Harriet Beecher Stowe (1811 – 1896)


“I feel now that the time is come when even a woman or a child, who can speak a word for freedom and humanity is bound to speak. I hope every woman who can write will not be silent!”

Stowe is best known for her work Uncle Tom’s Cabin (1851), which depicted the harsh realities of slavery in the United States and engendered great anger in the southern states, but energized anti-slavery groups in the North, selling 300,000 copies in its first year, in the lead up to the American Civil War. The book was popular in both the United States and United Kingdom. She reached millions through both her written words and public stands.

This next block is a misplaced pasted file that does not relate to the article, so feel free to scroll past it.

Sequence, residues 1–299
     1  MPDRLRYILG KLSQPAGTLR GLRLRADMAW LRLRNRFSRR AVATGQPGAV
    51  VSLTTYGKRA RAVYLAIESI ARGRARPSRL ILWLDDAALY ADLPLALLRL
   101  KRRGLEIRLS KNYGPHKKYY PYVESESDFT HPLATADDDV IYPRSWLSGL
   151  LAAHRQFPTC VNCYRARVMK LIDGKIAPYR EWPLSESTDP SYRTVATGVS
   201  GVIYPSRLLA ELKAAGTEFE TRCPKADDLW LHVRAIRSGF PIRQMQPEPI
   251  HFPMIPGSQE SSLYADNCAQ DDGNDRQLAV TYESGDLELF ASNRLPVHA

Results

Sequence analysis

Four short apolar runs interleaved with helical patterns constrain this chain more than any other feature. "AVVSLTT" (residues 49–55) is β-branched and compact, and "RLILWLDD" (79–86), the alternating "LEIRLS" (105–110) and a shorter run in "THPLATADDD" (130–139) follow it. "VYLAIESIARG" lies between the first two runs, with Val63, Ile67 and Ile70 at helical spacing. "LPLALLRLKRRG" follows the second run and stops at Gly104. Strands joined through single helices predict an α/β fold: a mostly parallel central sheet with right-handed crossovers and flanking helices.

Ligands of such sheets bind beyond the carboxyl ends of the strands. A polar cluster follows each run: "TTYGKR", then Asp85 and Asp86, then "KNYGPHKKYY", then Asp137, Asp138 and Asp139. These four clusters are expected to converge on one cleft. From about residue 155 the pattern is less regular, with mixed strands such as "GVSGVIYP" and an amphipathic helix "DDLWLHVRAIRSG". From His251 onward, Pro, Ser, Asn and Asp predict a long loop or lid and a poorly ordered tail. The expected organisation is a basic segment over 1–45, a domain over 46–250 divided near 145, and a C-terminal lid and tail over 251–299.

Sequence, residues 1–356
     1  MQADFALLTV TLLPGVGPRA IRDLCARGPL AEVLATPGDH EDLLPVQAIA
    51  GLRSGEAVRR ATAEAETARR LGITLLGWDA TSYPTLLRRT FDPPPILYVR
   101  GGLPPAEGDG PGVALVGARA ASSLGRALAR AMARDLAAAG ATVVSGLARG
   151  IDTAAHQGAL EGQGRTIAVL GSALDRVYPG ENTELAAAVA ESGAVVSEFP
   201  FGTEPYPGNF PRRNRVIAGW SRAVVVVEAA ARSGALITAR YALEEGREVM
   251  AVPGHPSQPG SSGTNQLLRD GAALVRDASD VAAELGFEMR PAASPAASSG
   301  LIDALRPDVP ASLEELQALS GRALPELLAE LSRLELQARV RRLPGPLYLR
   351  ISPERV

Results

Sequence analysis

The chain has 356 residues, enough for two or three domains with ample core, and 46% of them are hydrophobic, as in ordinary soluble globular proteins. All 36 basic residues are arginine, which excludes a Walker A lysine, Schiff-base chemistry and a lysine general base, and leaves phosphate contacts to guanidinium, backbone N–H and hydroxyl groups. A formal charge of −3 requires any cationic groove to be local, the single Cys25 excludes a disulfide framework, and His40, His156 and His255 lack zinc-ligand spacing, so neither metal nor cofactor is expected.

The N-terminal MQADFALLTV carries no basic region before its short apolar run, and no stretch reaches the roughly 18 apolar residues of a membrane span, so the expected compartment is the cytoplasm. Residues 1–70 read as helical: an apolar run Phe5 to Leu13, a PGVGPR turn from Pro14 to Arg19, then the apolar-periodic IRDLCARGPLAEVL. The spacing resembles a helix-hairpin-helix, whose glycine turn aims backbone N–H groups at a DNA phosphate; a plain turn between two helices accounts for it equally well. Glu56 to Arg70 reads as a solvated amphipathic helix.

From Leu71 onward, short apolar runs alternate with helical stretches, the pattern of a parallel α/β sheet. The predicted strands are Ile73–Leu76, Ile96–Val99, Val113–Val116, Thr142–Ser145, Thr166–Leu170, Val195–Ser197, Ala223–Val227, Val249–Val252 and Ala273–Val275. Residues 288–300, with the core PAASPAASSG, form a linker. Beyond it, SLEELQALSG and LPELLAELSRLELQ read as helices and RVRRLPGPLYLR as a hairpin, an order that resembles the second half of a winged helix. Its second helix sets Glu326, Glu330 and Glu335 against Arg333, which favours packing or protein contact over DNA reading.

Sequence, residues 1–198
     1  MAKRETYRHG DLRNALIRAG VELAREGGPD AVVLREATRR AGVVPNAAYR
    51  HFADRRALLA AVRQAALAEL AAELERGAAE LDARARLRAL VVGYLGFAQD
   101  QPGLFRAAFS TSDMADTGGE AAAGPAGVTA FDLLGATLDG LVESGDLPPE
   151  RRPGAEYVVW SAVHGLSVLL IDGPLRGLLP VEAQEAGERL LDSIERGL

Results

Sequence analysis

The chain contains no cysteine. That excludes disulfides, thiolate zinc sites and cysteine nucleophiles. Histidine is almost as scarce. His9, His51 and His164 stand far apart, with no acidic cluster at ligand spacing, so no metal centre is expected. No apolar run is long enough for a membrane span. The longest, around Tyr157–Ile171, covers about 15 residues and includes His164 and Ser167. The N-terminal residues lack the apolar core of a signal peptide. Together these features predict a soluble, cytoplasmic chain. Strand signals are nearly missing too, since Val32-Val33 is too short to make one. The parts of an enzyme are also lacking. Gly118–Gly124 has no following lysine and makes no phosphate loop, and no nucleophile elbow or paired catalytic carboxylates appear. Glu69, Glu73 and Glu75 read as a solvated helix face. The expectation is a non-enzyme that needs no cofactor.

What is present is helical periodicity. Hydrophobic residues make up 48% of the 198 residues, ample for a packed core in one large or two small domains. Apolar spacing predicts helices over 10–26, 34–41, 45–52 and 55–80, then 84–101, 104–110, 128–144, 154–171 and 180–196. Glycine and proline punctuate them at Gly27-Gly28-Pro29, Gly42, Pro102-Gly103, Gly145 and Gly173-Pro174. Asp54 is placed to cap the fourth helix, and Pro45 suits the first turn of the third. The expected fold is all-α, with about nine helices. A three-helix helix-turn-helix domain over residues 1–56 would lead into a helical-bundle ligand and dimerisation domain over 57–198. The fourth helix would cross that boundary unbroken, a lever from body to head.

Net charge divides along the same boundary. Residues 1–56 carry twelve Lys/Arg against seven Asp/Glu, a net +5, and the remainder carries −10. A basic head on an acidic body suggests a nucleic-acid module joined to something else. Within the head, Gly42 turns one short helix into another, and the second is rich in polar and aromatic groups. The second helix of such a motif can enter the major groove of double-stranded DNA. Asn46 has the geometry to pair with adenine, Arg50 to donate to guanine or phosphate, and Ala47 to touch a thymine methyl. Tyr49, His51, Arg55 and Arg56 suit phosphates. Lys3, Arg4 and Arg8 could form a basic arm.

In a show of moral defiance, Stowe wrote the book not long after the passing of the Fugitive Slave Law, which forbade any white citizen from helping slaves. Moreover, she and her husband Calvin Ellis Stowe, a professor, participated in the Underground Railroad by sheltering slaves in their home in Maine. Stowe believed it was a moral imperative for people to help.

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